At a recent trade show in Tampa, Fla., W&C spoke to several of its readers. One of the plastering contractors said that he was not an artist but that he was a craftsman and contended that people in the trade (hand trowelled in particular) shouldn't be seen as anything but.
"It's not art, it's a science," he said.
Cory Merryman, of Merryman Drywall, in Morley, Mich., believes he has found his niche in what he calls "drywall art," fusing his finishing skills and aesthetic sensibilities to create dimensional landscapes. Whether this is art is individual opinion but what most would agree on is a good level of vision and detail have been put into his final product. Merryman creates his own patterns, illustrating them on notebook paper and projecting these designs onto the wall using standard drywall and accessories. His experimentation began in his own house.
Each corner of the house is bullnose cornerbead. Working for Kohler Drywall, of Grand Rapids, Mich., introduced Merryman to Trim-Tex and he has experimented with a portion of the company's line. For the interior windows, he wrapped the corners instead of using trim, instead making all wraps bullnose.
The texture issueMerryman seems to have contempt for popcorn textures and wants to market different, more customized applications.
"I've never been a big fan (of that texture)," Merryman says. "I've never had a request to do this but several to remove it. Around here you see it still in manufactured homes or some apartments. It's quickly sprayed on and covers a lot. Luckily, it's usually not painted which makes it easy to scrape off."
In place of this finish, he suggests something hand applied, which to him represents something more original and unique but still can be as subtle as desired.
"A skip trowel texture is finished by hand and is pretty much individual to the person applying it," he says. "There are a lot of different variations of this texture. The thickness of the mud changes the appearance, as well as the finisher's taste. Kind of a general rule I like to practice: If there's more than one person applying this texture to a larger home, no one else should apply it in the same room because everyone's (stroke) is just a little different.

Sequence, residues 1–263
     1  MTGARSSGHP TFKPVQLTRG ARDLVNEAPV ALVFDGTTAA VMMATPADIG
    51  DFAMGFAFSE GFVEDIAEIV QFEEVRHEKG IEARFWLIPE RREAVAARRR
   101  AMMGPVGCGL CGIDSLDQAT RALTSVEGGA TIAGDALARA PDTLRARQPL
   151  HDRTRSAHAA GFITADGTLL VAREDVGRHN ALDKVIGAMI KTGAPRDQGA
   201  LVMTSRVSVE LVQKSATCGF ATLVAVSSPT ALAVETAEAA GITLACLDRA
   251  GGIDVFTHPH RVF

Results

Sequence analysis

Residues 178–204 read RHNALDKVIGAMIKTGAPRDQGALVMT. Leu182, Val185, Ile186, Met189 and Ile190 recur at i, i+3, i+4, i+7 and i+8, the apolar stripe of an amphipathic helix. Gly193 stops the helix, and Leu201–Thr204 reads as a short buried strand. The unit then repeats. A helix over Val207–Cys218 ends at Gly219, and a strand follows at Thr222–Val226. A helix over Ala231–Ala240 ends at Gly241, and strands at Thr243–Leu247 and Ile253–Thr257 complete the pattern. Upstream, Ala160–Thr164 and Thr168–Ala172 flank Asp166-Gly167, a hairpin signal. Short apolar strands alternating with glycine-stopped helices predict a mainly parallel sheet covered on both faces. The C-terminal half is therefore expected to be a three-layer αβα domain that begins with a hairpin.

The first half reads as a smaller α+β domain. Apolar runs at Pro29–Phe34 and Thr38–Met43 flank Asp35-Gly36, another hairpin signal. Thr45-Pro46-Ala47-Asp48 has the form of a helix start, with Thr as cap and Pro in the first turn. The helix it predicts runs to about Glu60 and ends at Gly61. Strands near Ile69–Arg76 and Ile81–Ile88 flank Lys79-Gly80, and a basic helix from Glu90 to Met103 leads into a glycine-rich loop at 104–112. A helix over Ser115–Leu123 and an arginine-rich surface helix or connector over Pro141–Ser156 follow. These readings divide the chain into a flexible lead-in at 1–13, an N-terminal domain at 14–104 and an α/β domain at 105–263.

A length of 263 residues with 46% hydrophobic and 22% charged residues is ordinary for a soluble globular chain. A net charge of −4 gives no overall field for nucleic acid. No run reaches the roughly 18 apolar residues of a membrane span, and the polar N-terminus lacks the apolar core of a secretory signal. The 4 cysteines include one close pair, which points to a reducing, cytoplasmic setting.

"First, I'll thin down my mud (topping or all purpose)," he says. "The more it's thinned, the easier it is to skip, unless it is so thin that it runs off the knife. Flattening the blade out and applying light pressure is what ‘skips' the mud off the knife as you go. Running your knife in random directions prevents the texture from looking like it all runs in the same direction. Going back over a spot lightly can flatten out globs or spots that appear a little too thick. Heavy chunks could also be scraped off after it's dry."
Another creative idea is taking a material and incorporating that into the texture. Fallen leaves are one that Merryman likes, as it utilizes his love of nature into an embroidery that replaces the restrictions some may find in standard floral wallpaper. Instead of picking dried leaves, he chooses a replica of a more durable material.
"I suppose the first and most important step in doing this type of texture would be finding the appropriate wall or ceiling to do this sort of thing," he warns.
"I once solved this problem on a large ceiling by applying the layer of mud by hand instead of with a roller," he says, referring to applying this type of texture. "I would do a section at a time, only I wouldn't do an area that was say 10-foot square. Instead, I'd do an area that looked more like a piece of a jigsaw puzzle. By doing this, in the end the overlapped edges made sense and looked to be a part of the texture.
Thinking in a creative way about his drywall art, Merryman has incorporated additional objects in his creations. "In my last house, I used real leaves and vines I picked myself but found they were too rigid and they proved difficult to apply. I learned from this and the next time I went to Wal Mart and bought some inexpensive bouquets of leaves from their crafts section. In picking my leaves I was pretty much just looking for something flimsy that I knew would hold well in the mud. I snipped the leaves from the bouquet with my tin snips and was ready for texture.
"I use USG's all-purpose mud for this texture," he continues. "I figure it's the same principle as taping as far as you want the leaves to hold as you would while taping. For taping, all-purpose is always recommended. I like to roll the mud on because I can apply it quickly and consistently this way.
"I'll use a 9-inch roller with a thick nap cover. It's important to get the mud thick enough to apply the leaves later but not so thick that while curing the mud will shrink back and crackle. I'm going to give an educated guess and say one can safely apply the mud to around 1/4-inch thick. When the mud covers the area, use a knife (personally, I prefer a 12-inch knife) to either smooth the rolled mud out or give it some sort of design by dragging the blade over the mud. To someone who has never done this, it may be wise to experiment on a piece of scrap drywall before committing to a finished product and wishing you had done it differently. I want the thickness and the design to look consistent throughout. I wouldn't want all of the drag marks from my knife running in the same direction or all the leaves facing the same way or bunched in one area while spread thin over another. This is pretty much the case for any hand-applied texture."